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Klarinet Archive - Posting 000187.txt from 2001/05

From: "Doug Benoit" <>
Subj: [kl] Revelli Lives
Date: Sun, 6 May 2001 18:32:49 -0400

I've got one!

I was playing in the National Honors Band, in Knoxville, TN,
in the 1980-81 school year, while in High School. We played
the Nabucco Overture transcribed/arranged for Band. In one
of the rehearsals, rather early in the three or four day
duration of "positve torture," Dr Revelli victimized a
trumpeter (poor soul). He made the trumpeter stand up, turn
his music around, then proceeded to yell at him while he was
playing. The trumpeter, out of respect, stopped playing to
listen to the thundering voice. Dr. Revelli then began
screaming at him for stopping. So, the trumpeter was told
by the Doc to start over. The trumpeter cracked a note, and
the Doc went off on him, yelling and screaming, and told him
to start over. The trumpeter played it without a flaw.
Revelli smiled, and asked him if he thought he did well.
The trumpeter replied - without missing a beat: "Nope."

The Doc then asked him why he said no. The trumpeter said:
"Because I know that's what you were going to say."

Dr. Revelli, then returned with: "Okay smart guy, play it 20
consecutive times flawlessly!"

The trumpeter then began his journey - trumpet in hand -
which lasted for 45 minutes. Throughout this - seemingly
endless - cycle of reaching about 15 times or more, and
having to start over, the trumpeter finished his 20
consecutive times with a big grin on his face.

The band cheered relentlessly and wouldn't stop. Revelli
then said: "Play it one more time." The trumpeter began,
and after a few notes, the Doc deliberately walked up to a
music stand in the flute section, and kicked it over onto
the floor, making a very loud crash. The trumpeter stopped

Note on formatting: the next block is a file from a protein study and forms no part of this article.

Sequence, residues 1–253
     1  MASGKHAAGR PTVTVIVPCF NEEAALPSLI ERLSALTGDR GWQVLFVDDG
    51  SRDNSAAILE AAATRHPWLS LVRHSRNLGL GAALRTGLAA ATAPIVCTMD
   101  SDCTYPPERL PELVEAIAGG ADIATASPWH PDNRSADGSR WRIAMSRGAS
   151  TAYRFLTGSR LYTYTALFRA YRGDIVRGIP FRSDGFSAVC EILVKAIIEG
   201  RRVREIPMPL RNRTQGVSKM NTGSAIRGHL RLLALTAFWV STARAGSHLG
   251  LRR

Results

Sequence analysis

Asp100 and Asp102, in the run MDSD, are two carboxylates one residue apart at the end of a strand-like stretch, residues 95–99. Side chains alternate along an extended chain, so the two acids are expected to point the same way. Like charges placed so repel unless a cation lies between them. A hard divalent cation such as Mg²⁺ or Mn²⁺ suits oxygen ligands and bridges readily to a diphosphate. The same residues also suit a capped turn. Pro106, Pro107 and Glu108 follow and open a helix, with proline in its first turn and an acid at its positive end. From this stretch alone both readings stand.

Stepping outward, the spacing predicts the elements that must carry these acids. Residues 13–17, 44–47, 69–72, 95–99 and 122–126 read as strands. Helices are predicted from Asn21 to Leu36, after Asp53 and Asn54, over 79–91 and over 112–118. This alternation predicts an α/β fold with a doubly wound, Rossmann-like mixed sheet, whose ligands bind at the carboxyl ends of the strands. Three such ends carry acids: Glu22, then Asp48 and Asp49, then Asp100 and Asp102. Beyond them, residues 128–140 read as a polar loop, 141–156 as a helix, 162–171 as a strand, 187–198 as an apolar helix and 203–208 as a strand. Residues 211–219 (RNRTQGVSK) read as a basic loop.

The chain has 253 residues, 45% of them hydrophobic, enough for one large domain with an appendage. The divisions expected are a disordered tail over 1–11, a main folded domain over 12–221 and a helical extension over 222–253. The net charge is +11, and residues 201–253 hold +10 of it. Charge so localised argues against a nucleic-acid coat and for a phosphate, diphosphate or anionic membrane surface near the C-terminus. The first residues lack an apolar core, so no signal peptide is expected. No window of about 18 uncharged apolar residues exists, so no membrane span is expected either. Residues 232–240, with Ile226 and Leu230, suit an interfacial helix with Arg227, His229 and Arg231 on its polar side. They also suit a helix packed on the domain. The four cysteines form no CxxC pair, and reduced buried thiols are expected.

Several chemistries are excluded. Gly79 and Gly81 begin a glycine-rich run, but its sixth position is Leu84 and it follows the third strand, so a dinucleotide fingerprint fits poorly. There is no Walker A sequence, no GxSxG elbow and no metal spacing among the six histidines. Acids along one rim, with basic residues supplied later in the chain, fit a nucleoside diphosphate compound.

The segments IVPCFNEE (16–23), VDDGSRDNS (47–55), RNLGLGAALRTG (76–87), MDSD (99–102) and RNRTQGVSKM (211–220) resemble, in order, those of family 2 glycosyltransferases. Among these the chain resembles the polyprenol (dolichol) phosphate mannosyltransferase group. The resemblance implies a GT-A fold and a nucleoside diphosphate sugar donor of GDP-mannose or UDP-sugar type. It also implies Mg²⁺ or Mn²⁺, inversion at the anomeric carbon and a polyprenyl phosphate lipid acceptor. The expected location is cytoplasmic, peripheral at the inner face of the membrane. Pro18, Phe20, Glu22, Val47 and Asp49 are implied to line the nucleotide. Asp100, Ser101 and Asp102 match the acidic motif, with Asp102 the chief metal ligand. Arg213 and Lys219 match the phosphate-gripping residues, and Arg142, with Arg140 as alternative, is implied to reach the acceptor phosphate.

playing the solo, which he'd suffered through learning for
nearly an hour prior to this moment, because he was startled
from the noise. Revelli began the screaming again. His
lessons that he taught that trumpeter, I'm sure, were
remembered by all of us. Concentration, confidence built by
"perfect practice" - as opposed to...practice.

The Doc then turned to me, for my alto saxophone solo, after
his psychological demoralization of character on behalf of
the trumpeter. The hair on my back began to stand on end,
and the rest of the afternoon followed the trump card, laid
down by the trumpeter. After an hour, I was very proud of
my solo, and sang it like Luciano. I didn't let him
demoralize my character, however. I smiled, and remained
serious, making no remarks whatsoever...not a peep. I
followed his every nuance of the baton, and I got the same
cheer. I did my 20 in under 20 minutes.

I was ready for that Nabucco nightmare. The Doc did it to
me years earlier, when he guest conducted my High School
Band, at a concert at the University of Massachusetts. I
was the principal victim alto player there, three years
prior to my National Honors Band experience. I was a

The world of Music Education is not the same anymore; it's
changed - some say for the better. I believe the musical
discipline is greatly diminished as a whole....and more
students are allowed to perform in lessons, etc, with less
than their absolute best. Revelli extracted the best
musicianship out of many players who never thought they
could do it.

I adopted the same concepts to my clarinet playing, and as a
private teacher, however, I do so without the yelling and
belittling. I take Revelli's screaming, and convert it in
my heart to positive energy when I teach now. My students
think I am a SPAZ, but all of them love me, and look forward
to their lessons.

Thank you Dr. Revelli, for teaching me what to do, and what
not to do....

Doug Benoit

-----Original Message-----
From: Bill Hausmann []
Subject: Re: [kl] Revelli (Last One)

At 11:34 AM 5/4/2001 -0400, JMarioneau wrote:
>When Revelli was directin the Texas All-State Band in 1976,
he was mad
>because a chime player was not playing the chimes at the
right time. Revelli
>worked with the player and told him to set the mallet on
the chime, then
>don't look at the chime when he stikes it, look at the
conductor. The
>student would set the mallet on the chime, then just as
Revelli cued him, he
>would glance at the chime before pulling the mallet off the
chime to strike
>it. Of course that was not what Revelli wanted, so he
worked over and over
>with the student until he finally did it. He said "mallet
on," the student
>would put the mallet on then Revelli cued silently and the
student played.
>He did this over and over then he said "You can even do it
with your eyes
>closed, try it. Mallet on," then he conducted in the same
rhythm he had been
>doin and the student played exactly on cue. Then Revelli
said with a smile
>on his face "If you had your eyes closed, how did you know
I cued you?"
>Brought down the house.

Thanks for sharing a relatively NICE Revelli story. I was
sure he couldn't
have been mean ALL the time!

Bill Hausmann
451 Old Orchard Drive
Essexville, MI 48732 ICQ UIN

If you have to mic a saxophone, the rest of the band is TOO

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